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Thermal Comfort in UFAD Systems

Thermal Comfort Standards
Personal Control

Heating, ventilating, and air-conditioning (HVAC) technology has changed little since variable-air volume systems were first introduced 30 years ago. For the vast majority of buildings, it is still standard practice to provide a single uniform thermal and ventilation environment within each building zone, offering little chance of satisfying the environmental needs and preferences of individual occupants (unless, of course, they happen to have a private office with a thermostat). As a result, the quality of the indoor environment (i.e., thermal comfort and indoor air quality) continues to be one of the primary concerns among workers who occupy these buildings. Several documented surveys of building occupants have pointed out the high dissatisfaction with indoor environmental conditions [e.g., 1, 2].    

Figure 1. Conventional overhead air distribution system.

Recently, the Building Owners and Managers Association (BOMA), in partnership with the Urban Land Institute (ULI), surveyed 1,829 office tenants in the U.S. and Canada [3]. In the survey, office tenants were asked to rate the importance of 53 building features and amenities, and to report how satisfied they are with their current office space for those same categories. The following quotes from the report demonstrate the importance of indoor environmental quality and personal control. 

The most important features, amenities, and services to the responding tenants are related to the comfort and quality of indoor air, the acoustics, and the quality of the building managements service. Tenants ability to control the temperature in their suite is the only feature to show up on both the list of most important features (96%) and the list of items where tenants are least satisfied (65%). To make an immediate and positive impact on tenants perception of a building, landlords and managers could focus on temperature-related functions by updating HVAC systems so that tenants can control the temperature in their suite or by helping tenants make better use of their existing system.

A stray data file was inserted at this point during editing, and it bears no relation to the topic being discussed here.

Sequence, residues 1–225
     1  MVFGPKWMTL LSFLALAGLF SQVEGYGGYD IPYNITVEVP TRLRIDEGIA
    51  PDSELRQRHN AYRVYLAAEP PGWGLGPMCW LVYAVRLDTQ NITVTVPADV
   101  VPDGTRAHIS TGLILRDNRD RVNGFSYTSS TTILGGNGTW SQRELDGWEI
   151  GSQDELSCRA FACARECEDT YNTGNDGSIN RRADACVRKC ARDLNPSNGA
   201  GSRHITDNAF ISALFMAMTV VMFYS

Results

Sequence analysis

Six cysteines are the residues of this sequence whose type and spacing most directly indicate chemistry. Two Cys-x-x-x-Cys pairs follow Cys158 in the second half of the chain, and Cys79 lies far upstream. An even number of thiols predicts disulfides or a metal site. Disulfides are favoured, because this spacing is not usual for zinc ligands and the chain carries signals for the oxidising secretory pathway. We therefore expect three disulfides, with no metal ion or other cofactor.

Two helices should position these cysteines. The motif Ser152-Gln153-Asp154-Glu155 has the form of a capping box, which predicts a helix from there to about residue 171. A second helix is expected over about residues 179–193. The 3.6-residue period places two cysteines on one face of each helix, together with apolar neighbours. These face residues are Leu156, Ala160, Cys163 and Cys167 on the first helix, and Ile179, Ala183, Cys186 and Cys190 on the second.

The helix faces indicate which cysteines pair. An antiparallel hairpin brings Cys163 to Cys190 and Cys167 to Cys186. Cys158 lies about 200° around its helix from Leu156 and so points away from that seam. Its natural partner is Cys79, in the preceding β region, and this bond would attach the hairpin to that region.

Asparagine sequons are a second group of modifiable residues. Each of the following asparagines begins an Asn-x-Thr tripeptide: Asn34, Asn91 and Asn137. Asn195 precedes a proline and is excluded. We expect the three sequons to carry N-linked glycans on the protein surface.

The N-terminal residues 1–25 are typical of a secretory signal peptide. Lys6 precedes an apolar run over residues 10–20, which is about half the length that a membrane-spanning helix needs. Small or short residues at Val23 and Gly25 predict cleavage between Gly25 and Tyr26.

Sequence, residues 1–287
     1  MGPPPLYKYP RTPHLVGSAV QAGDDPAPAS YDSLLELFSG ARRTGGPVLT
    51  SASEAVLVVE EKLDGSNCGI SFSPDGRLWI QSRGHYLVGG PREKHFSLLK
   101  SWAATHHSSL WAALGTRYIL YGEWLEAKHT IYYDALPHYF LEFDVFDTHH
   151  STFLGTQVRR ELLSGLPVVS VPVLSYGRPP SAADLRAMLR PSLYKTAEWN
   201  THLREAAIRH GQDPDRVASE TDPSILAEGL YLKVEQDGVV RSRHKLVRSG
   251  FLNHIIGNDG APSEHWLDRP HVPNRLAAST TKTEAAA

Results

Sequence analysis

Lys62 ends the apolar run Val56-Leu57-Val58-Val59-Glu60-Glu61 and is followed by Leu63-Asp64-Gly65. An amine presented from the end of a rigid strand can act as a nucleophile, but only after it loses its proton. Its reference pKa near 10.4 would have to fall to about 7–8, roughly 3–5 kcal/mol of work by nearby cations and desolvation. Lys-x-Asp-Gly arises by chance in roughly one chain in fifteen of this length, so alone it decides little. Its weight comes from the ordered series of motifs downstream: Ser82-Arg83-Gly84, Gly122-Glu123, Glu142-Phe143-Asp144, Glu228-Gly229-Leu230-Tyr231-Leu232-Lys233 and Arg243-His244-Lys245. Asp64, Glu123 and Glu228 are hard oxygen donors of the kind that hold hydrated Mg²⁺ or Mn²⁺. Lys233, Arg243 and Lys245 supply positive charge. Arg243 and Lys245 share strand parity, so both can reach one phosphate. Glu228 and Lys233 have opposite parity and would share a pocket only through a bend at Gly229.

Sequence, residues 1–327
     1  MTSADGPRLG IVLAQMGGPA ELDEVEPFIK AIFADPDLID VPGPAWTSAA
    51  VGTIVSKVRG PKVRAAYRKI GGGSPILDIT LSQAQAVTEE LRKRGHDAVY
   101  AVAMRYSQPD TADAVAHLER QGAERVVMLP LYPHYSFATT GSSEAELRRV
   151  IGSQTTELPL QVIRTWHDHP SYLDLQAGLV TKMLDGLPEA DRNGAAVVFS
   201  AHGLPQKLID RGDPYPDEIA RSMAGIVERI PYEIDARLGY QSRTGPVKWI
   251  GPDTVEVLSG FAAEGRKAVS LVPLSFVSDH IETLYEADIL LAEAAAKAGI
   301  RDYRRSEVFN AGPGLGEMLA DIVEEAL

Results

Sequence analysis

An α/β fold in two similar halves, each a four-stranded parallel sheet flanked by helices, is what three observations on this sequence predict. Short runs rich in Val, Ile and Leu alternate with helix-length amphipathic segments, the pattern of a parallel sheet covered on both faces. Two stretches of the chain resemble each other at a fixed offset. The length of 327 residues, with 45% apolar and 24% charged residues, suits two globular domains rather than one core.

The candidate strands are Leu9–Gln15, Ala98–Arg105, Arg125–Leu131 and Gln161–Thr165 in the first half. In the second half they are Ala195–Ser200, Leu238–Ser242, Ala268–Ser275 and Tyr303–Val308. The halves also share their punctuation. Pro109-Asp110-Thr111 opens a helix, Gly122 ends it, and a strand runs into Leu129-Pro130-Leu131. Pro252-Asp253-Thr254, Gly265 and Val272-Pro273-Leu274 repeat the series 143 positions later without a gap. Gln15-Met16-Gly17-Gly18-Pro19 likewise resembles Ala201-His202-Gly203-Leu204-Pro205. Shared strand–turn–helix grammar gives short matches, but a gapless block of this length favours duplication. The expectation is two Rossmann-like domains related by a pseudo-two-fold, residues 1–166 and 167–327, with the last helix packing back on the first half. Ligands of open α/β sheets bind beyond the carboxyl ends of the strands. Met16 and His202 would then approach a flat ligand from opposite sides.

Underfloor air distribution (UFAD) systems deliver conditioned air to a relatively large number of supply air locations within the building, often in close proximity to the building occupants. By delivering air directly into the occupied zone of the building (at floor level or as part of the furniture), UFAD systems provide an opportunity for individuals to have some amount of control over their local environment. 

Figure 2. Underfloor air distribution system